Thoroughbred Stallion Jet Master Dead

Acclaimed champion South African Thoroughbred racing sire Jet Master died Tuesday (Nov. 15) from complications from surgery. The 17-year-old stallion had undergone implant surgery to relieve cervical spinal cord pressure three days earlier (Nov. 12), according to chief operating surgeon, and following the procedure his prognosis had been "guarded to good."


Jet Master

Barrie Grant, DVM, Dipl. ACVS, independent surgical consultant specializing in "wobblers" (ataxic horses) in Bonsall, Calif., had flown out to Western Cape, South Africa, to lead the surgical team that performed the cervical fusion surgery on Jet Master using a "Seattle Slew" implant, the more technologically advanced version of the Bagby basket implant (a small basketlike device for fusing the vertebrae).

Jet Master's condition took a sudden turn for the worse the day after surgery following a neurologic reaction and a subsequent fall in the stall, and two days later he just "stopped breathing," Grant said. Jet Master's owners, Henry and Patricia Devine, elected to not have a postmortem examination performed.

"He was up and eating Sunday morning and then suddenly started acting like he was having a seizure, kicking his hind legs up to his belly, and because he’s ataxic he just fell down," said Grant, who was accompanied in the operating room by confrere Olivier Lepage, DVM, PhD, Dipl. ECVS, from the University of Lyon, France, and his assistant Jan Sargent-Beach. "I thought he fractured the surgical site, but the X rays we took couldn't confirm that."

After his fall veterinarians placed Jet Master in a sling, and he was able to bear weight but acted "depressed and somnolent, as though he were in a coma," Grant said. Telephone consultants with worldwide experts including Steve Reed, DVM, Dipl. ACVIM, of Rood & Riddle Equine Hospital in Lexington, Ky.; Andy Durham, BSc, BVSc, CertEP, DEIM, Dipl. ECEIM, MRCVS, of the Liphook Equine Hospital in Hampshire, UK; and Ian (Joe) Mayhew, BVSc, PhD, FRCVS, Dipl. ACVIM, ECVN, of the Massey University Veterinary Teaching Hospital in Palmerston North, New Zealand, led to various hypotheses, including the possibility of an embolus (a mass of clotted blood or other material) or brain stem disease. "We were racking our brains," he said. "It was very hard to sort out. But in the end, we'll never know."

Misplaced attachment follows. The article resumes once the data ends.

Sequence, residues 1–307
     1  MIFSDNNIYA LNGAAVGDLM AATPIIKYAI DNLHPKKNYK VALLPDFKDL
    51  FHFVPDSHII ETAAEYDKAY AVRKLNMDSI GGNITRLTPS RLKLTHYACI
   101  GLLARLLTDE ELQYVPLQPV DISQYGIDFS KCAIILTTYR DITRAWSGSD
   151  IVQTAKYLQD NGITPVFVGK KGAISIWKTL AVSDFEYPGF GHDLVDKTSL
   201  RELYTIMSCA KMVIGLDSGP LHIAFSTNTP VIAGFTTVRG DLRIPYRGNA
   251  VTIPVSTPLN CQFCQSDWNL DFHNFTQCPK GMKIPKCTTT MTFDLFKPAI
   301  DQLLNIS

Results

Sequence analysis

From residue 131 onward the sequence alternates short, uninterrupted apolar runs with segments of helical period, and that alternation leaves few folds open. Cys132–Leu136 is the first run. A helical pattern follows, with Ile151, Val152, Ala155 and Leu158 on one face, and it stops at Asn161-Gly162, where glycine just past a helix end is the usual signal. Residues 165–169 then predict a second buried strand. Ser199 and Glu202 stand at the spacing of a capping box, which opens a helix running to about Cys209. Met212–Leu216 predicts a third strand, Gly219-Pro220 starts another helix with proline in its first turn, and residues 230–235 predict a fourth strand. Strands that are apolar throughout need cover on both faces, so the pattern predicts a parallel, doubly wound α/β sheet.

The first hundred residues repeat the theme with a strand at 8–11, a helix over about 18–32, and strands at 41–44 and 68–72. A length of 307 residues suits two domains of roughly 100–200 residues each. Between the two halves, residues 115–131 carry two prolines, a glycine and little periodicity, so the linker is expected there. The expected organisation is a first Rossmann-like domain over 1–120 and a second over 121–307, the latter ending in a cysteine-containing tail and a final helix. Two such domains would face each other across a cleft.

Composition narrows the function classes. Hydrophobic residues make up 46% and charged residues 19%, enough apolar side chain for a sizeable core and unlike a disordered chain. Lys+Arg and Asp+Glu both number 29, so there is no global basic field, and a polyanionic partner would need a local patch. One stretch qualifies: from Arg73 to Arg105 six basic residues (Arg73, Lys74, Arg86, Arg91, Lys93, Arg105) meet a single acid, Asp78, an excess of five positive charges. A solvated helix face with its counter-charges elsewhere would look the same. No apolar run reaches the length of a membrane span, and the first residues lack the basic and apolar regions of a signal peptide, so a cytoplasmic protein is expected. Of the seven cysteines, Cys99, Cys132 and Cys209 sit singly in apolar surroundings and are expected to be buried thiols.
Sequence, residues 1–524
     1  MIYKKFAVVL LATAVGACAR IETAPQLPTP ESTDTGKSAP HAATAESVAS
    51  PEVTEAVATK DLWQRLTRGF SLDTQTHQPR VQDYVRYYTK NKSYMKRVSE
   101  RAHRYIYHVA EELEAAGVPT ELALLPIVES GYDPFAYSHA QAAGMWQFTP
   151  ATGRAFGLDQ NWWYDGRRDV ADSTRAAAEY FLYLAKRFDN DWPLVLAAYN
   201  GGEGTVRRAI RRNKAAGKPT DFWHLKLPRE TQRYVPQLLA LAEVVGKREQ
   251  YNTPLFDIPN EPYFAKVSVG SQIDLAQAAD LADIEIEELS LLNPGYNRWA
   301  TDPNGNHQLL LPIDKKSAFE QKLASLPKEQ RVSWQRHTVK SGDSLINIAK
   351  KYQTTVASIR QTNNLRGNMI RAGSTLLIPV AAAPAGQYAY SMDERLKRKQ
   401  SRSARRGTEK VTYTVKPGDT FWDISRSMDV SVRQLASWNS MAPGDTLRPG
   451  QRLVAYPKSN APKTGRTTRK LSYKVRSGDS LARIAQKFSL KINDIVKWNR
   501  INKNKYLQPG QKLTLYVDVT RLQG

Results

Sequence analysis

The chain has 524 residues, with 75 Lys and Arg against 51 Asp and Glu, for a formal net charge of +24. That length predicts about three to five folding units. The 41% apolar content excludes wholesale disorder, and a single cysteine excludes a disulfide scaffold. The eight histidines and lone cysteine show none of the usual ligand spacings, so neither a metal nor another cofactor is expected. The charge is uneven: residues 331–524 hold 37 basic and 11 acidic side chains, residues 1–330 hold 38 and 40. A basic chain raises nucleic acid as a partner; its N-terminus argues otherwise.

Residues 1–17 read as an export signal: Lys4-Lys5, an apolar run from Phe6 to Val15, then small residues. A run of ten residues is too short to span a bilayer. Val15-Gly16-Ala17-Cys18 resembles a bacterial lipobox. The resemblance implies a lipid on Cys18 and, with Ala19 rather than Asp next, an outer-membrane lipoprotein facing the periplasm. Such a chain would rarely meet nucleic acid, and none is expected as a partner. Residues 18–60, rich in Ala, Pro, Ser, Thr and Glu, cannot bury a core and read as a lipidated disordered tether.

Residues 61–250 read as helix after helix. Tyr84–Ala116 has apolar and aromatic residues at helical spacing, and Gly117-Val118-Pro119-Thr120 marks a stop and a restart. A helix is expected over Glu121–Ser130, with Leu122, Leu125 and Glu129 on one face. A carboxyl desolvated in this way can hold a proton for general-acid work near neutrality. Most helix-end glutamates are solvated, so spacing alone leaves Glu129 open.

Jet Master had severe (grade 4 out of 5) ataxia caused by arthritic changes compressing his spinal cord at C6-C7, according to Grant. Although Jet Master had contracted West Nile virus earlier in the year and had suffered ataxia as a consequence, the horse had appeared to make a complete recovery, and the current bout of ataxia was unrelated to the disease. "It's a common area for arthritis in older stallions," Grant said, adding that in addition to radiographs (X rays) he had a myelogram (which dye is injected into the spinal canal and radiographs taken)performed prior to surgery to determine the sites of compression. "His changes were pretty classic. He was an older horse; he’d done work as a racehorse and as a breeding stallion, and he had a great big neck on him. All those things make for having arthritis in the bottom part of the neck," he added.

Triple Crown winner Seattle Slew underwent a nearly identical procedure, also led by Grant, in March 2000, at age 26. Seattle Slew went on to continue his breeding career and died at age 28 from unrelated causes.

"Jet Master was a really nice horse, and everyone put a lot of effort into saving him," Grant said. "Like a lot of classy horses, he just tended to make the people around him look good."

About the Author

Christa Lesté-Lasserre, MA

Christa Lesté-Lasserre is a freelance writer based in France. A native of Dallas, Texas, Lesté-Lasserre grew up riding Quarter Horses, Appaloosas, and Shetland Ponies. She holds a master’s degree in English, specializing in creative writing, from the University of Mississippi in Oxford and earned a bachelor's in journalism and creative writing with a minor in sciences from Baylor University in Waco, Texas. She currently keeps her two Trakehners at home near Paris. Follow Lesté-Lasserre on Twitter @christalestelas.

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